MacBook Amateur

MacBook or MacBook Pro? It was an agonizing decision. If the hours I spent thinking about this question were billable I would have surely made up the $700 price difference between Apple’s two Intel-based laptop lines. Ultimately, however, it came down to three things:

  1. Price
  2. Performance
  3. Coolness factor

To me, the first two items are inextricably related; a computer’s performance must go a long way toward justifying its price. (No matter how Steve Jobs tried to spin it, this was, of course, one of the biggest problems with the PowerPC architecture.) When one looks at the technical specifications of the currently-available 13″ 2.0GHz MacBook (part number MA255LL/A) and the 15″ 2.0GHz MacBook Pro (MA600LL) side by side, it becomes apparent that their hardware differences are few. These machines contain the same dual-core Intel CPU, the same memory bus, even the same SuperDrive. Pro buyers are therefore paying a $700 premium for upgraded graphics in the form of a superior video card with its own onboard video RAM, and of course the extra two diagonal inches of screen real estate.

I think a laptop should be portable, by definition. Two inches of display may not increase the weight of a computer much, but it certainly increases its physical dimensions. I’m just a medium-sized guy, so what need do I have for a super-sized screen? And would it even fit on my desk? (Yes, but just barely.) I determined that the 15″ screen was not important to me.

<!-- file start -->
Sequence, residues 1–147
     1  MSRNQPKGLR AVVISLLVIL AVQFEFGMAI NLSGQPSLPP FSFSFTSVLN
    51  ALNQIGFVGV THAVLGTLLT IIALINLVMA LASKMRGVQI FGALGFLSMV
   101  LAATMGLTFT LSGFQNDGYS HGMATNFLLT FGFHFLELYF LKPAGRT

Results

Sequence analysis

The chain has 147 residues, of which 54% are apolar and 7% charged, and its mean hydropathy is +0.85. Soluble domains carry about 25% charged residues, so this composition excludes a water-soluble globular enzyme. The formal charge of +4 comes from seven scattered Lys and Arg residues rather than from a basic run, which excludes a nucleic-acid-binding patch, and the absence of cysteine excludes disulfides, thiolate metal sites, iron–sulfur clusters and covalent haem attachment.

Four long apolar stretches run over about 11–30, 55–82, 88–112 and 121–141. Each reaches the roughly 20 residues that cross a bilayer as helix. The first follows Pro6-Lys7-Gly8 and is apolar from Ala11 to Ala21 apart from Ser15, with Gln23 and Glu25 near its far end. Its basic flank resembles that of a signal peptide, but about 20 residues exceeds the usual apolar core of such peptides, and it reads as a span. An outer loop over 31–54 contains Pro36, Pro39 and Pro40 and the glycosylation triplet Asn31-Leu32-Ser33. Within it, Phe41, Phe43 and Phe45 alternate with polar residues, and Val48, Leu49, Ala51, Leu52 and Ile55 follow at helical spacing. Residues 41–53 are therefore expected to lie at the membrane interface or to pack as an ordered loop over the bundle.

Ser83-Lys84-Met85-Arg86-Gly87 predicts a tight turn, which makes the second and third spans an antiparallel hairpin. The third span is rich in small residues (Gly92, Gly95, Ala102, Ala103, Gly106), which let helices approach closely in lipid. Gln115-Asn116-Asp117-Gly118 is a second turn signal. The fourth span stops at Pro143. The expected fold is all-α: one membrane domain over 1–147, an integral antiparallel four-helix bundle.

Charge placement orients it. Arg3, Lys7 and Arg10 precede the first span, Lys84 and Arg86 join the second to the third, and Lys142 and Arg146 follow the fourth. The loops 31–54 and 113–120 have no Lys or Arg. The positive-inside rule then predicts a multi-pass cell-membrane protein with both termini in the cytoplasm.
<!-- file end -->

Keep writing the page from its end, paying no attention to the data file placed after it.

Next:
What of performance? Luckily, the ever-pragmatic staff at Ars Technica provided all the answers I needed in a recent review/benchmark of the MacBook. To summarize, while the MacBook Pro did have a performance advantage, it was a surprisingly narrow margin. I considered my laptop needs — I really only need to run Firefox, Terminal, Adium, NetNewsWire, and Cuppa — and concluded that the video card was also not important to me.

Everyone wants to be cool. My specific brand of coolness dictates a shiny laptop as an accessory. Here the MacBook wins hands-down. Why? The MacBook Pro looks exactly like the PowerBook G4 that Apple has been manufacturing since 2003. Can we get an update, here, Apple? Well, apparently so: in the form of the newly (and quite radically) redesigned MacBook, with its wide screen, its weird but usable keyboard, and its magnets everywhere — not just the MagSafe power connector, which the MacBook Pro shares, but also that nifty magnetic latch, which is currently unique in Apple’s product lines.

Conclusion: the MacBook wins! And my pocketbook wins, too!